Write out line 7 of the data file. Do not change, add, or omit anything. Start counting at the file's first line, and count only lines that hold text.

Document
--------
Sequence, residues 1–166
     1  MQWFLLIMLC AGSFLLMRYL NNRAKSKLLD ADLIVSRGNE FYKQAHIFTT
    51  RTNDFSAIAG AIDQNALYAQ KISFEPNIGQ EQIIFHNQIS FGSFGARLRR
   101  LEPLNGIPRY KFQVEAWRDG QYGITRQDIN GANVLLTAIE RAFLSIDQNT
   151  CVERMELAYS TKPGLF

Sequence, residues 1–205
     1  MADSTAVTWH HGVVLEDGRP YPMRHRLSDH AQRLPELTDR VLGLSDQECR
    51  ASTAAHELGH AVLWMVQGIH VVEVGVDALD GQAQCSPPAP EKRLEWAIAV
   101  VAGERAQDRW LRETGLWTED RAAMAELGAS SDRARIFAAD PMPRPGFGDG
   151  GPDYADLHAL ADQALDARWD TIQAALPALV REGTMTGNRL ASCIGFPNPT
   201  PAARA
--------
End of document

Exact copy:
     1  MADSTAVTWH HGVVLEDGRP YPMRHRLSDH AQRLPELTDR VLGLSDQECR